Thursday, August 21, 2008

Ano ba talaga ang kelangan gawin para maayos na 'tong problemang 'to?

Is it really just a matter of cleaning out the sewages? Or has overdevelopment eaten up the natural waterways that were supposed to take up the excess water during times like these? Is littering a major factor or will banning the use of plastic bags and disposable containers help? Has anyone even made a study of what the major causes are?

Wednesday, August 20, 2008

This post is in response to dorele's query (11 Aug 08, 15:25) in the shoutbox:

Hi Dorele,

Unfortunately, we could not find any reference to a "no plate, no travel" policy on the 'net. This leads us to believe that this falls under the no plate violation, which carries a P150.00 fine (for both the LTO and the MMDA). No mention on whether the vehicle can be impounded, though.

As for new vehicles, the car dealers say that the invoice/delivery receipt is valid for seven days from the date of issuance. However, all the government agencies officially claim that invoice/delivery receipt is only valid for the day that the vehicle is to be delivered to the buyer.

Hope this clarifies things somewhat.

The Huli Ka! Team

Anyway, we think this question arose 'cos of MMDA's and LTO's recent push to apprehend those who are violating this policy. What we don't understand is how come it takes sooooo long for the LTO to issue new plates. Can't they just stock up on them? Better yet, why not issue a whole bunch of plates to the dealer based on projected sales? That way, if a buyer walks in, they can actually leave with their new car immediately without having to worry about being stopped by traffic enforcers on their way home. I'm sure one can think of the appropriate controls to ensure that these plates won't be used to legitimize smuggled vehicles. All it takes is a little bit of thinking and a lot of enforcement to make it a reality.

Last Sunday, an SUV bearing an '8' plate rammed and killed a security guard while seriously injuring another near Trinoma mall. However, the owner seems to have illegally obtained the protocol plate as he/she is not a member of Congress. In fact, there was even an attempt to hide the protocol plate when the car was brought to the police station. Fortunately, news cameras recorded the plate before it was removed. See the article here.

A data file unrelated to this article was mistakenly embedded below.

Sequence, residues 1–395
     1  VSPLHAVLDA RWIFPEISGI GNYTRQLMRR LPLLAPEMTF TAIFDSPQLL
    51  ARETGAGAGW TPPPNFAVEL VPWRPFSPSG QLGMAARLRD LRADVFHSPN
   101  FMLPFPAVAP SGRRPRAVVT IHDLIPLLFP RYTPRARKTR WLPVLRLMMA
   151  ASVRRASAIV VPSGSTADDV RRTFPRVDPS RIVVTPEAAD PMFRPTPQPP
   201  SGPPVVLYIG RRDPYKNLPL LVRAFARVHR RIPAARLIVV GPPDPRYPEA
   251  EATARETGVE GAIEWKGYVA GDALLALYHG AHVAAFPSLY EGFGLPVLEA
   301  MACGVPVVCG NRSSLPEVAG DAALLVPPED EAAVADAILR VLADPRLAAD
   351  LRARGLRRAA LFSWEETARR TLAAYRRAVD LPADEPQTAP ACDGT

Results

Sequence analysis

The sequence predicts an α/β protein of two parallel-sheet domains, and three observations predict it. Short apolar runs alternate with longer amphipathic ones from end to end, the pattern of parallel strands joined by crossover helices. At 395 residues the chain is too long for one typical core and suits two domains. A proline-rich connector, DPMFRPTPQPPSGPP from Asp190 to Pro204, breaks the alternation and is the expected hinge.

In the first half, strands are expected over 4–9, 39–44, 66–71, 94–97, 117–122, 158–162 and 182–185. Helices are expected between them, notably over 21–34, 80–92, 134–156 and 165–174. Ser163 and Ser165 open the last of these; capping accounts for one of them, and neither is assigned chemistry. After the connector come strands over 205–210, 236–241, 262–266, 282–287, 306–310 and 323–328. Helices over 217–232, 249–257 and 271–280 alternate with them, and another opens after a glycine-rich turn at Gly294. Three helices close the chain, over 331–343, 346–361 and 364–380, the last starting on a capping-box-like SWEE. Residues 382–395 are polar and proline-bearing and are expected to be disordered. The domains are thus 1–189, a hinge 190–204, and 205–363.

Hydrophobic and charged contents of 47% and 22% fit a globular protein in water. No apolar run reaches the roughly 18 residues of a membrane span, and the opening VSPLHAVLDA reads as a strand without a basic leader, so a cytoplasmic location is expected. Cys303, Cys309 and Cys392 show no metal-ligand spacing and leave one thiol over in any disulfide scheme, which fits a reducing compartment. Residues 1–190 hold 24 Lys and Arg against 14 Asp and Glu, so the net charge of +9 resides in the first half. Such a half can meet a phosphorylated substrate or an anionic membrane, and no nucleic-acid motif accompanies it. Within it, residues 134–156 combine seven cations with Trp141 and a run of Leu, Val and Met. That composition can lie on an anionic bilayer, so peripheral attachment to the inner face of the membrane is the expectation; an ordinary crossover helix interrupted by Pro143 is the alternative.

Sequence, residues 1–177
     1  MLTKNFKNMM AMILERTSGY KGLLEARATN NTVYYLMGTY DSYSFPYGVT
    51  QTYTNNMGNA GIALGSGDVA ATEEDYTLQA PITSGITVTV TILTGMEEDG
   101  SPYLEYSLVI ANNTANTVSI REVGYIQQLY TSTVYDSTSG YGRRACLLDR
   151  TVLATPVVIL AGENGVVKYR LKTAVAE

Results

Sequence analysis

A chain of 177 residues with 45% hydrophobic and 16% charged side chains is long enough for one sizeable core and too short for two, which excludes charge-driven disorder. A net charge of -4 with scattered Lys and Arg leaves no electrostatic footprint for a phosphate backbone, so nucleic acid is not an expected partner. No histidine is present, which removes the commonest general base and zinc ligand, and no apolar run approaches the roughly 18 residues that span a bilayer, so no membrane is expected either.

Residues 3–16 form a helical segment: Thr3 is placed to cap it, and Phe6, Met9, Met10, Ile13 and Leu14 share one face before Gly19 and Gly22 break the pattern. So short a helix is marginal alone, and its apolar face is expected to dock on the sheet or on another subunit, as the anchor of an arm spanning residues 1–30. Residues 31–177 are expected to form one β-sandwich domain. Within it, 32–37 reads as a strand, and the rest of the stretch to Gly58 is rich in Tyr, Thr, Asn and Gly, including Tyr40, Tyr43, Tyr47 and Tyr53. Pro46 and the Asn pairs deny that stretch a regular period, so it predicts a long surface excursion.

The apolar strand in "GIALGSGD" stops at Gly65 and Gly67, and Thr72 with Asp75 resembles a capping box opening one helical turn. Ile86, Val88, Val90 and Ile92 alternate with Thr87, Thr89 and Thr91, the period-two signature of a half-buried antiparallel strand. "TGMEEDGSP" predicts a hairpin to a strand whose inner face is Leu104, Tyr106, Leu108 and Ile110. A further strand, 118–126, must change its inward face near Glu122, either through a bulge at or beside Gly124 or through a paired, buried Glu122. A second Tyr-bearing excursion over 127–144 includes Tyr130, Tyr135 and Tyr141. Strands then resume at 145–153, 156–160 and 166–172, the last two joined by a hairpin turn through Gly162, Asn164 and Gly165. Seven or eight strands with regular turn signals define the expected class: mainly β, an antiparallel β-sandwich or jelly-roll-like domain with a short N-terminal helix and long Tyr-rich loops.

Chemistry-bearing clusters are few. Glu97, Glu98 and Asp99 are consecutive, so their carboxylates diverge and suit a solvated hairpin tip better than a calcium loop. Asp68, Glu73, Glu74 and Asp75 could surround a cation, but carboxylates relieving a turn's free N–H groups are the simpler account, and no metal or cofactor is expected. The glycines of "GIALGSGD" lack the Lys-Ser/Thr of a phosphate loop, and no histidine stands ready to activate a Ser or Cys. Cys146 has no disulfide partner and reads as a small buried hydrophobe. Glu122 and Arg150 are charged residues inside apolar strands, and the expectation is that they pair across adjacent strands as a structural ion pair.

Seems like this incident has highlighted the problems that the use of protocol plates have spawned ever since its inception. From the illegal use of the protocol plates by congressmen's (or women's) families, the rampant availability of "fake" protocol plates, and the penchant of those using protocol plates to ignore traffic rules and regulations. Also, it seems that Congress has successfully lobbied to have the name of the district removed from the protocol plate, supposedly to hide their identities from "unsavory" elements. Unfortunately, this has led to the increase in fake plates and the use of such plates in terrorist acts such as the bombing of the Batasan building last year.

Anyway, I hope that the government, be it the LTO, MMDA, PNP, local government, Congress, whoever or whichever, and ALL public officials, learn from this. First, stricter controls on the issuance and use of protocol plates (or even their removal, as proposed on House Bill 2346/Senate Bill 1141) are definitely needed. Second, enforcement of traffic rules and regulations should cover ALL motorists regardless of the type of plates they use (be it green, yellow, blue or red, single digit or the three letter/three digit variety). Third, to all public officials, mahiya naman kayo sa mga mamamayan. You are supposed to be employees of the people and have been chosen to lead us to a better nation. So, please, start leading by example and stop abusing the trust that has been placed upon you.

P.S. Sana naman, this extends to the apprehension of those who have illegally installed blinkers and sirens on their vehicles, as well as those using those LTO, PNO, Congress, etc., stickers.